Jon Stewart lashes out at Congress over September 11 victims fund

Jon Stewart lashes out at Congress over September 11 victims fund

First responders from 9/11 and their advocates, including comedian Jon Stewart, made an emotional appeal to Congress on Tuesday to make a victim compensation fund permanent.

"Behind me, a filled room of 9/11 first responders, and in front of me, a almost empty Congress", Stewart said.

Stewart called this an "embarrassment to the country" and a "stain on this institution", telling those who didn't attend that they should be "ashamed" of themselves.

Stewart also hit at criticism that the victims fund is exclusively a NY issue since so numerous people who worked at Ground Zero - firefighters and other first responders - were New Yorkers. Just over half of the 14 members of the House Judiciary Subcommittee were in attendance. "Never forget what they did, what they gave to this country.' Well here they are", Stewart said. Congress is soon expected to vote on the "Never Forget the Heroes Act", which would extend medical funding for survivors beyond 2020, when it was set to end. "Behind me, a filled room of 9/11 first responders".

This February, officials who manage the $7.4 billion fund announced that it is running out of money, and will begin to slash future payouts by between 50% and 70%.

"I'm sorry if I sound angry and undiplomatic".

In recent years, more and more 9/11 first responders have been diagnosed with illnesses that have been linked to their participation in rescue and recovery efforts following the September 11 attacks, according to the Centers for Disease Control and Prevention.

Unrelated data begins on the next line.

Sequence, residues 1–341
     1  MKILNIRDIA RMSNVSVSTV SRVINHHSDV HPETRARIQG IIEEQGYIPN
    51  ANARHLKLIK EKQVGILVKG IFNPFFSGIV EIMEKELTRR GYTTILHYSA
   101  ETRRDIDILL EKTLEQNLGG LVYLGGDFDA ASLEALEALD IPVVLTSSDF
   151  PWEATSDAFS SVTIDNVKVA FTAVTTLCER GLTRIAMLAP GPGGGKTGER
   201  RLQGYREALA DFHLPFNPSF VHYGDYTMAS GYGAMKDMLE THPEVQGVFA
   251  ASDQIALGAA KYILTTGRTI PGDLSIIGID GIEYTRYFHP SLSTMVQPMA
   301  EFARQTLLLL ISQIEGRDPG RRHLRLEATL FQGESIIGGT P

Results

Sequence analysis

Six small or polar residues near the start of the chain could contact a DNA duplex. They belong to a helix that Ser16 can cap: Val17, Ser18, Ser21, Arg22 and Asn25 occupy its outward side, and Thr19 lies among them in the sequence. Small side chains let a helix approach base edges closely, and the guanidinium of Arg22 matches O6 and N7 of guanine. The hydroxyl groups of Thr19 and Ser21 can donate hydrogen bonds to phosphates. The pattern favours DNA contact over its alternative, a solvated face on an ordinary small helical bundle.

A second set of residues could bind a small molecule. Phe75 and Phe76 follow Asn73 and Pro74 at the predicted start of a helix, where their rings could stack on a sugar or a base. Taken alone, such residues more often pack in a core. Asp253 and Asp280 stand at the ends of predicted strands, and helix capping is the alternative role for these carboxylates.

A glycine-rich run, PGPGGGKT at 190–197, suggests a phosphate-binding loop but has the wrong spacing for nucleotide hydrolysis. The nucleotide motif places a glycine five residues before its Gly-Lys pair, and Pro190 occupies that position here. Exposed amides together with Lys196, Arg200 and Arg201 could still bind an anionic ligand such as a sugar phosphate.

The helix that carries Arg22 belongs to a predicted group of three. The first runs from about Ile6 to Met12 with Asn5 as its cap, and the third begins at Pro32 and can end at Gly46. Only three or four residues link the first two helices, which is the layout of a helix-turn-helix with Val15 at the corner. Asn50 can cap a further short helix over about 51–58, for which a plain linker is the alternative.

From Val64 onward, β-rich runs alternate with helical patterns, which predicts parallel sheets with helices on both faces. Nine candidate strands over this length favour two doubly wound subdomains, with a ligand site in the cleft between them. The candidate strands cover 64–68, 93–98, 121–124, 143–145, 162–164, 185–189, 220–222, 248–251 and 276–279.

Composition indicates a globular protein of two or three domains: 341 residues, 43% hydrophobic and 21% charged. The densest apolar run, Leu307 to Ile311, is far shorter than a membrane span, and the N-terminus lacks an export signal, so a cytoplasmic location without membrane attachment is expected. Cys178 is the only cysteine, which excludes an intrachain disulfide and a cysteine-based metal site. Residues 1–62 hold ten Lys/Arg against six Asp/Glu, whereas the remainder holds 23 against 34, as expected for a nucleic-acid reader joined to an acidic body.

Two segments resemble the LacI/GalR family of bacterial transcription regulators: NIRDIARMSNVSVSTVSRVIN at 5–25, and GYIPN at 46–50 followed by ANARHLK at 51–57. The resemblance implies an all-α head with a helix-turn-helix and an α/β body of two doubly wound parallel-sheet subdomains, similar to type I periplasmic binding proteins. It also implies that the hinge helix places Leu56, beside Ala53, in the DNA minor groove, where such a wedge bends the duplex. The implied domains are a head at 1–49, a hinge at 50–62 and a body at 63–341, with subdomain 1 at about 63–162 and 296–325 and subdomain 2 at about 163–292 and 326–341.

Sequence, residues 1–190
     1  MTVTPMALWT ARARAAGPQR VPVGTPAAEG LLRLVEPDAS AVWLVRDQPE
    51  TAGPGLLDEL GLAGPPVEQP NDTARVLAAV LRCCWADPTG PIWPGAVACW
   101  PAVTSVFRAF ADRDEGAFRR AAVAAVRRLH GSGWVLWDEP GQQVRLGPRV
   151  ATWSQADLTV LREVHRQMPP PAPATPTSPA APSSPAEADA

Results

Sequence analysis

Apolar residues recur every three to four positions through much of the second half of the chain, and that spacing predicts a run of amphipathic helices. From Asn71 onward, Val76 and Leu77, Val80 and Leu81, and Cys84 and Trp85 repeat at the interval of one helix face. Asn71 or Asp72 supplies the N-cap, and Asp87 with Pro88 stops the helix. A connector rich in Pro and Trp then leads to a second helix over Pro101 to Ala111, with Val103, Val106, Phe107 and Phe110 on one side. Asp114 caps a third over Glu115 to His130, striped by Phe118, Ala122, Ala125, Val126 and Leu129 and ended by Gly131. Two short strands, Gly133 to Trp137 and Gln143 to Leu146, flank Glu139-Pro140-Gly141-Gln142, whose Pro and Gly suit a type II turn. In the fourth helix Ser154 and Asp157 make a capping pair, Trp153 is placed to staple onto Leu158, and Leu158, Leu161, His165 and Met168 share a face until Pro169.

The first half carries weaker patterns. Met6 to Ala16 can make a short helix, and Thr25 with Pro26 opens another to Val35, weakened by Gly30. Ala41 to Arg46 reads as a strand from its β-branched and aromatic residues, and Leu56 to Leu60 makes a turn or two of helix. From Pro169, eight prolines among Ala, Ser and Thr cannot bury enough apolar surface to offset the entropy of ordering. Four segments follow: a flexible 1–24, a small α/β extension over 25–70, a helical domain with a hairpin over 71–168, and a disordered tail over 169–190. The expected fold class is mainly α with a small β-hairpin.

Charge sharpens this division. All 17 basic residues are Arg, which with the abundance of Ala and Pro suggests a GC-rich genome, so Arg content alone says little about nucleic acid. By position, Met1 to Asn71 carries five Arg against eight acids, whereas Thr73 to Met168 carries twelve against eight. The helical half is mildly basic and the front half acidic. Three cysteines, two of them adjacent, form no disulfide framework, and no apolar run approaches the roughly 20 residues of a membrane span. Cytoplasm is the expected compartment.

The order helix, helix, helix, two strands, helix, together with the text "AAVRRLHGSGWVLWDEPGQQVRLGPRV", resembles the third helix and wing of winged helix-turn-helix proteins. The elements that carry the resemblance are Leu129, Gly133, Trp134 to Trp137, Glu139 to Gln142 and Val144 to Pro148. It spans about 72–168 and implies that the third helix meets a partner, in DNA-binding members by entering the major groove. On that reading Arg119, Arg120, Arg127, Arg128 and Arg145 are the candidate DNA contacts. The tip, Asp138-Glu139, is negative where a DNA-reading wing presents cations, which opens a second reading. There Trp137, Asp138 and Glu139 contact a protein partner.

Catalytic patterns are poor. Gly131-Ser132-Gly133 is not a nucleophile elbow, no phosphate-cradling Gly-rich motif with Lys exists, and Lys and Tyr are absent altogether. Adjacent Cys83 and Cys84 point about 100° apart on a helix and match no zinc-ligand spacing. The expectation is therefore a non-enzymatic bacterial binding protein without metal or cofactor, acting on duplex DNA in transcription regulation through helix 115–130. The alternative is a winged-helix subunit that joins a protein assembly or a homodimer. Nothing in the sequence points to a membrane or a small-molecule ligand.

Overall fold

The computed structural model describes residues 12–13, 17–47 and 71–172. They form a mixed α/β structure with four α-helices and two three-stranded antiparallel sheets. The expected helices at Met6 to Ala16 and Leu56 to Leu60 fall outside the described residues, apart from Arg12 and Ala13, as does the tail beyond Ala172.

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The fund was created to provide health care and financial assistance to first responders, volunteers and survivors who are now experiencing subsequent health problems, including cancer and respiratory disease, following the 2001 attacks. "Where are they?" asked Stewart.

Stewart also voiced anger over the need to repeatedly reauthorize funding for the September 11 first responders.

"Five seconds. That's how long it took - for FDNY, for NYPD, for Port Authority, for EMS - to respond to an urgent need from the public", Stewart said, referring to the quick response time of emergency workers on 9/11.

Pointing to rows of uniformed firefighters and police officers behind him, he said the hearing "should be flipped", so that first responders were on the dais, with members of Congress "down here" in witness chairs answering their questions. "They did their jobs", he said.

Rose's office said he was present for the hearing and during Stewart's testimony.

Earlier this year, VCF Special Master Rupa Bhattacharyya said a record number of claims submitted in 2018 and in recent months left insufficient funding in the VCF to pay all current and future claims.

The Louisiana Republican then predicted the bill would sail through the committee and pass nearly-unanimously through the House. Frail and struggling at times to speak, Alvarez said he came to Capitol Hill on behalf of those who will get ill later and may get little or no aid from the fund.

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